This is part two in my analysis of Tim Ferris’ Outside Magazine article “Question Everything”, from the October 2016 edition. Today I take a scientific look at, “Gelatin for Joints”. In it, Ferris suggests using “Great Lakes’ hydrolyzed collagen” as a way to improve skin and joint health.
But does it work?
First off, he is taking hydrolyzed collagen. This is different than undenatured collagen. When I did the research, the science shows that undenatured collagen has some benefits for people that who have osteoarthritis (“wear and tear”) arthritis and rheumatoid arthritis. The hydrolyzed collagen is not as effective. Click here to read the study I found.
Anyhoo, the study above looked at undenatured collagen, taken at 40 mg a day vs daily dose of 1500 mg glucosamine and 1200 mg chondroitin. Patients that took the collagen had decreased pain with walking and doing “domestic activities.” Additionally, patients that took the undenatured collagen took fewer other medications like ibuprofen and acetaminophen (tylenol). Patients that took the collagen had fewer side effects (constipation, headache) than those on glucosamine and chondroitin (bloating, stomach pain, hives, water retention.)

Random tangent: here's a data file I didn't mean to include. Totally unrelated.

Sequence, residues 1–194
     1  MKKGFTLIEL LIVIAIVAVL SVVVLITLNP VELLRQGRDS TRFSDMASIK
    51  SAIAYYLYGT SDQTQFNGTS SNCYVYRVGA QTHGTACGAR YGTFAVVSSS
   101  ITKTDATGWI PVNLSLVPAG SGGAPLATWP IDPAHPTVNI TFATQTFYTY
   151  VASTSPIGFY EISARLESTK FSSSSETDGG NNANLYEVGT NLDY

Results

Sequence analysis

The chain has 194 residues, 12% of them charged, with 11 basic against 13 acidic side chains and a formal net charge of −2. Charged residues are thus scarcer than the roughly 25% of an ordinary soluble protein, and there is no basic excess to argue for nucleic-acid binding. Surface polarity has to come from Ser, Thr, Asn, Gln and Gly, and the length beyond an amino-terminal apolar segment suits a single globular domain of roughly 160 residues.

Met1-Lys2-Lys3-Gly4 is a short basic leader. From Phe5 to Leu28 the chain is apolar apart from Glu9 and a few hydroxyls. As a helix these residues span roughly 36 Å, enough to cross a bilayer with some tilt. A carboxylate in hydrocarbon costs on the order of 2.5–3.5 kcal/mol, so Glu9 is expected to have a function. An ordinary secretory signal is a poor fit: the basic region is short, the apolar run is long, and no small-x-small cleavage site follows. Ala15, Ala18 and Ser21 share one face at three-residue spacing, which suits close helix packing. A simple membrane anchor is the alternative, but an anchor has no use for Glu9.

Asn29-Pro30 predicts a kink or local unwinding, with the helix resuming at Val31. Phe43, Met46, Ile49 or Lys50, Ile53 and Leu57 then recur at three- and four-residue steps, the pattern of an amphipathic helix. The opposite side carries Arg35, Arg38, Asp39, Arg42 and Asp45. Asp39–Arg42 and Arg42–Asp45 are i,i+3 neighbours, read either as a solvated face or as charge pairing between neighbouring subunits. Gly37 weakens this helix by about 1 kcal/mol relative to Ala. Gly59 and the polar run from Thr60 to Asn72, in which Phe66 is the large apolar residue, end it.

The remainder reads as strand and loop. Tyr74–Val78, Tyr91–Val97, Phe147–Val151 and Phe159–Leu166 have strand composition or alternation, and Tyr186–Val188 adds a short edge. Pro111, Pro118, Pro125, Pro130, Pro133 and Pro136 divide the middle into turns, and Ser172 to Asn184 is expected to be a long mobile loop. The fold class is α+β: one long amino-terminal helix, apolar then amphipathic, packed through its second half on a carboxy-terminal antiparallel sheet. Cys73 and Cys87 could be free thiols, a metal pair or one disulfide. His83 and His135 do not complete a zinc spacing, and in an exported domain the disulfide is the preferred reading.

So, would I take undenatured collagen? Yes. I think it could be helpful, and the side effects appear to be mild. And if it doesn’t work, or if there are side effects, I would just stop taking it!
But, just to be clear, I would buy the undenatured collagen, not the hydrolyzed collagen! And check the label to see how much undenatured collagen is in it. I would keep with the study guidelines of 40 mg daily of undenatured collagen.
Here is what you can find on the back of the bottle:
|Amount Per Serving||% Daily Value|
|UC-II® (25% undenatured type II collagen)||40 mg||*|